Friday, 23 July 2010


One possible abuse of the ability to use Angband items in multiple ways is the ability to throw ammunition instead of shooting it from a bow or crossbow. Ammunition is light, which means you can carry a lot of it, and throwing it is 'abusive' because the damage bonus that is applied to firing ammunition is also applied to thrown ammunition, without penalty. This is exacerbated in Unangband because the damage bonus was until the latest version counted twice for thrown weapons and not multiplied by missile launchers, which meant that throwing an arrow (+9,+9) may be more effective than firing it from a longbow.

The damage bonus in this example is insensitive to it's context - it is applied equally when the item is thrown, set in a trap, or fired from a missile weapon*. And if you think the ammunition example could in some way be construed as sensible, consider that the damage bonus a bow applies to arrows fired from it, would also be applied if you threw the bow instead.

At the moment, I'm changing this: damage bonuses will be able to be context sensitive - a weapon that adds damage while fighting, won't necessarily benefit throwing or setting in a trap.

But the question I have is should I enforce this change? This is not quite Warren Spector's proximity mine climbing emergence, but it is an interesting and unintended consequence of a design that may be worth keeping.

I have the flexibility to allow missile weapons with incredibly good trap damage but no shooting damage bonus, but it is unlikely that a player would ever choose such a weapon over a missile weapon with superior shooting damage and no benefit in traps. Whereas if the weapon was multi-functional, it is more possible the player will attempt to take advantage of 'free' additional functionality at some point. I can do either approach with the approximately same level of cleanliness in the code: it is a data design issue, rather than code overhead cost.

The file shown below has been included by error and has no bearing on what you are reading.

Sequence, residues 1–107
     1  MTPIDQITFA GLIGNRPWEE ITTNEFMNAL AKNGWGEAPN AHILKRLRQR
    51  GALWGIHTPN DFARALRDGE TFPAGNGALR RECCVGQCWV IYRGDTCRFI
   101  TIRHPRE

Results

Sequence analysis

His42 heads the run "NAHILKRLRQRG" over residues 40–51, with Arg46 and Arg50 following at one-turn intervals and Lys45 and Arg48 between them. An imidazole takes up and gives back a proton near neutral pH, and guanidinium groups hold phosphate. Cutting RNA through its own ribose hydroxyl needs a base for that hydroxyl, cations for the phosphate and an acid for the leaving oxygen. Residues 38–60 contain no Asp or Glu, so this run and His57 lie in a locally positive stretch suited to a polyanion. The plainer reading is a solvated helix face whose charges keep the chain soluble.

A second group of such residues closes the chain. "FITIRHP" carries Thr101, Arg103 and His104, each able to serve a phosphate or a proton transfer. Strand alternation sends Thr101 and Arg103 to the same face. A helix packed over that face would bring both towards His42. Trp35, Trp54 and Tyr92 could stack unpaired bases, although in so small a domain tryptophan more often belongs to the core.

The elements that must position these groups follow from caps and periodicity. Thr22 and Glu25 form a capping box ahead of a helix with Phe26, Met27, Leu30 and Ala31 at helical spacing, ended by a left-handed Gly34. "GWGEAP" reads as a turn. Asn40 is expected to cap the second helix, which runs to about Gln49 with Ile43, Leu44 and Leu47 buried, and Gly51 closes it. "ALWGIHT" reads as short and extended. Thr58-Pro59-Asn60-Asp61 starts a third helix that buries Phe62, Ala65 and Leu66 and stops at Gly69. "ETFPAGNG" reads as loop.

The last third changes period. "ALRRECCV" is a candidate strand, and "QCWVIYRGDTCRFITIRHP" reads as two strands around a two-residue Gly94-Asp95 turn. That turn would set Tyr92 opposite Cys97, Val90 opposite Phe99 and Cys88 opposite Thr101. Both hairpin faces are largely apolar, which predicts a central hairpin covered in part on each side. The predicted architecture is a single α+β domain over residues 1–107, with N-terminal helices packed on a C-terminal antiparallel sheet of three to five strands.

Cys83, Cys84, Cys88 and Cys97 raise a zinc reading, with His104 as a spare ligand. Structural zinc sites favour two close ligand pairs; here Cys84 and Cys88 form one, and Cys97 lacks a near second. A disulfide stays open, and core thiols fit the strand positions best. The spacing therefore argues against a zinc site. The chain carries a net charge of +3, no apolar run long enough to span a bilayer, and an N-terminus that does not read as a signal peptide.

It'd be interesting to hear your thoughts.

* There is a separate but related question about worn vs. wielded items. If a sword improves your ability to fight with it, does it also improve your ability to fight with another weapon if you hold it in your off-hand or even just strap it to your body? In particular, if you get one more blow per round with it, do you get that blow if it would be from another weapon?


Sir Yobgod Ababua the Handless said...

The perceived abuse from throwing ammo is that there are weapons designed to be thrown, weapons designed to be launched, and weapons designed to be used in hand, and they typically IRL don't work well when used in a way they aren't designed to. That said, you generally -can- throw a greatsword, or crossbow bolt, and have some effect, but giving then full effect seriously diminishes actual throwing weapons.

I'd suggest that throwing a "non-throwing" weapon (including ammo) has a fixed range shorter than that of thrown or fired weapons, does significantly less damage than usual and may not get the full effect of any bonus.

As far as traps go, one generally assumes the trap uses the weapon/ammo in the way it was intended (swung, thrown, stabbed, fired), so full damage and bonus is always applicable.

Sid Menon said...

I suppose I believe the opposite; you should be able to dual-wield ammunition if you wish. Missile weapons should stack bonuses on top, in my opinion. Adding penalties just seems more arbitrary, I guess.

Four Hands said...

I really dislike it in a rogue-like game when I can throw arrows as effectively as shoot them. It breaks my suspension of disbelief. Which is a weird thing in a rogue-like, but its true.

When I've designed these systems I've usually ended up breaking out thrown, fired, and wielded damage, or just not allowing things to be thrown. Alternatively, I once played around with a simple throw penalty modifier for all items which works pretty well, too.

I've also found I usually ended needing a thrown and fired range to be separate, usually because I wanted certain ammo to add range bonuses (griffon feather arrows) when fired, but not when thrown.

As Yobgod said I've always assumed traps where firing arrows from something close enough to bow or spring-loaded something that it would count as a fired weapon.